Dr. Donald Coggan Enthroned as Archbishop of Canterbury

Diocesan Press Service. February 6, 1975 [75046]

CANTERBURY, England -- Dignitaries from all the main traditions of Christendom throned the ancient city of Canterbury on January 24 when the Most Reverend Frederick Donald Coggan was enthroned as the 101st Archbishop of Canterbury, spiritual leader of the 46.7 million members of the Anglican Communion, of which the Episcopal Church in the U.S.A. is a part.

It was the most ecumenical enthronement ever held. In attendance were three Roman Catholic cardinals, the first time the Vatican was represented at such an enthronement ceremony since the Reformation more than 400 years ago. The service also included participation by Orthodox patriarchs, leaders of the Methodists and other Free Churches, Quakers, denominational leaders from all over the world, and heads of Anglican churches in full communion with Canterbury, including the Rt. Rev. John M. Allin, Presiding Bishop of the Episcopal Church in the U.S.A.

Present also was a host of representatives of the universities, civic leaders, and national political leaders, including the speaker of the House of Commons, Prime Minister Harold Wilson, and some of his cabinet colleagues.

Also included in the processions, which took half an hour to pass into the Cathedral, were readers, deaconesses, women workers and clergy of Dr. Coggan's new diocese, together with representatives of the Church Army, with which he has had a close link as president for many years.

Representing Queen Elizabeth II, who is the titular Supreme Governor of the Church of England, were the Lord Lieutenant of Kent ; Lord Astor of Hever; her son and heir, Prince Charles, who was with his aunt, Princess Margaret; and the Duchess of Kent.

The enthronement took place in the great chair of St. Augustine, made of Purbeck stone, which is placed at the top of the steps at the east end of the nave before the entrance to the quire. Dr. Coggan was placed in the historic chair by the Archdeacon of Canterbury, the Ven. Bernard Pawley, who by virtue of his office has the task of enthroning all bishops in the Anglican Southern Province.

In his enthronement sermon, Dr. Coggan said that the Church must face the "realism " that "it is in for a time of tribulation." He said that one of his secretaries may have been wiser than she knew when, by a typographical error, she referred to his "enthornment " instead of his "enthronement. "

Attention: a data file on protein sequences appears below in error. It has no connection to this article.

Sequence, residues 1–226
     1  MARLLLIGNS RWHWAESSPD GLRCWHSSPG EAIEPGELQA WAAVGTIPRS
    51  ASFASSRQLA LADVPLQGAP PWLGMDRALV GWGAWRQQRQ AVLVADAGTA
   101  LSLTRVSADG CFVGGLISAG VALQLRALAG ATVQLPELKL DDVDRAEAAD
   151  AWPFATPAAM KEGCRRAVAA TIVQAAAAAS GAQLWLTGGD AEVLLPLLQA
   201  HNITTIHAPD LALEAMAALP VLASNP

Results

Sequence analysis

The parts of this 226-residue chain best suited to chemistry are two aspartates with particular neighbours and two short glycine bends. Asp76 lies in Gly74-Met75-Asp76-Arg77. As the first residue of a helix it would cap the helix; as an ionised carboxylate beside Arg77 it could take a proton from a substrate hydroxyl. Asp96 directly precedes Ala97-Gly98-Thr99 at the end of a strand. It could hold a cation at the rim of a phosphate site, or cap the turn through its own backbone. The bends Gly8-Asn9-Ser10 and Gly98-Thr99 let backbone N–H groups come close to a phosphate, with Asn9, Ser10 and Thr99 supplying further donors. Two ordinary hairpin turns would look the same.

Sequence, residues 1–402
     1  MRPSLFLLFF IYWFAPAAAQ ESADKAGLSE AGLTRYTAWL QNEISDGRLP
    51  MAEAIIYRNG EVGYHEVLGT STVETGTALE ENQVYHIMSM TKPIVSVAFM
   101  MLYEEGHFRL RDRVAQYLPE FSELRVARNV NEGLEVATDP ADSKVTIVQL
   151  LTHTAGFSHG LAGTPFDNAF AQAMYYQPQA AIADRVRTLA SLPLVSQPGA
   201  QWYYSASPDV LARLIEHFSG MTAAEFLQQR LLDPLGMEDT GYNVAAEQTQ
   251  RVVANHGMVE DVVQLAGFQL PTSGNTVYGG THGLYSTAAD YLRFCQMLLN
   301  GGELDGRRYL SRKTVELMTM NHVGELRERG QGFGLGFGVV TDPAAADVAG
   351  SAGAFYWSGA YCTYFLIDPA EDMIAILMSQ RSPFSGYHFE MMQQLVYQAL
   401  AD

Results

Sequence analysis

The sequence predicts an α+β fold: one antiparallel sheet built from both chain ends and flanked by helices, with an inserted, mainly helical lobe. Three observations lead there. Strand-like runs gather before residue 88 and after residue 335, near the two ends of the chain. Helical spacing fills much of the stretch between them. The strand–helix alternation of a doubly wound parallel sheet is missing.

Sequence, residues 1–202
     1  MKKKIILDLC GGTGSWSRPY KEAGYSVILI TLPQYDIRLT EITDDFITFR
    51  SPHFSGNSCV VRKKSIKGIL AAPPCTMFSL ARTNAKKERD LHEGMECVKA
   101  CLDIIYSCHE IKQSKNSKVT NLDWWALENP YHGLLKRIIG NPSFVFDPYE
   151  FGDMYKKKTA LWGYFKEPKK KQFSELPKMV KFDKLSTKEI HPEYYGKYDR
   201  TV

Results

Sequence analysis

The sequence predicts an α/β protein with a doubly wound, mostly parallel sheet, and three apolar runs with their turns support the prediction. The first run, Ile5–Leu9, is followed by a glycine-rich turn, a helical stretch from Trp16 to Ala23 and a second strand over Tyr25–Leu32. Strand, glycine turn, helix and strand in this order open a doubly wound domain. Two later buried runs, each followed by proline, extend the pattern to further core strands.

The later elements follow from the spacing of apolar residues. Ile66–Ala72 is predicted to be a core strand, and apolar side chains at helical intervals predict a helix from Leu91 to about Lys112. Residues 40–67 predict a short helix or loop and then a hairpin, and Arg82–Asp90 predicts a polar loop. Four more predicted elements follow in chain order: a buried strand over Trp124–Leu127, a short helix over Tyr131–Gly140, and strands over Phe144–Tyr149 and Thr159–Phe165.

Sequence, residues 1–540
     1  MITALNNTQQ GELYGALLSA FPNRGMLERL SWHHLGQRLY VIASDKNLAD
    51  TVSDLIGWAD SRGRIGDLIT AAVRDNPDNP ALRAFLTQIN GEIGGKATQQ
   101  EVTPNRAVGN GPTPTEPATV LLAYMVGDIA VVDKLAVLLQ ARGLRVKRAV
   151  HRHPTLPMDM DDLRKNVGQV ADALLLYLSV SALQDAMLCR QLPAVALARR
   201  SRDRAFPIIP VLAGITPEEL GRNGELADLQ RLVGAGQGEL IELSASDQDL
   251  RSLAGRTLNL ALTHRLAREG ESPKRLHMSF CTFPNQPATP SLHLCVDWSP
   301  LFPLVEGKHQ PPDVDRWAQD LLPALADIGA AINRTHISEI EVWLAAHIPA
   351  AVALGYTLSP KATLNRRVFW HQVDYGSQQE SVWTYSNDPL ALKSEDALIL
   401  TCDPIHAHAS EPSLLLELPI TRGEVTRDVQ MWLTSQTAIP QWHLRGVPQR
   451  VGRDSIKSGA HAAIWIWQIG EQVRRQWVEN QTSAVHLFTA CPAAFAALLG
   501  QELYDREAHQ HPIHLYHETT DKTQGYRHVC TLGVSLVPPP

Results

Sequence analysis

But, he said, the Church, faced as it is with the realism of tribulation, can have confidence through the "hope based on the resurrection -victory of Jesus."

Speaking primarily to the Church of England and the Anglican Communion, he said, "One of the greatest needs of the Church at this moment is a steady increase in the number of those coming forward to ordination." He said that he was speaking about "the need for recruits to the ordained ministry . . because I believe in the ministry of the laity. "

He said he believes "the main work of Christ's Church will be done by the witness of the faithful laity, " but this "will demand an adequate supply of full-time, well-equipped, highly qualified clergy whose primary task will be to train" the laity for their indispensable work.

He also had a word "to all who name the name of Christ": "We must grow till our arms get right round the world."

"Such an embrace " of the world, he said, "will be costly." It will mean giving up "our divisions . . . our possessions . . our selfishness."

"The world desperately needs loving, and it will have to be done sacramentally by outward and visible signs of the inward grace of God's love," he concluded.

Attending the enthronement were Archbishop Coggan's wife, Jean, and his two daughters -- Dr. Ruth Coggan, a missionary doctor of the Church Missionary Society in Pakistan, and Ann Coggan, a teacher at the Pilgrims School, Winchester.

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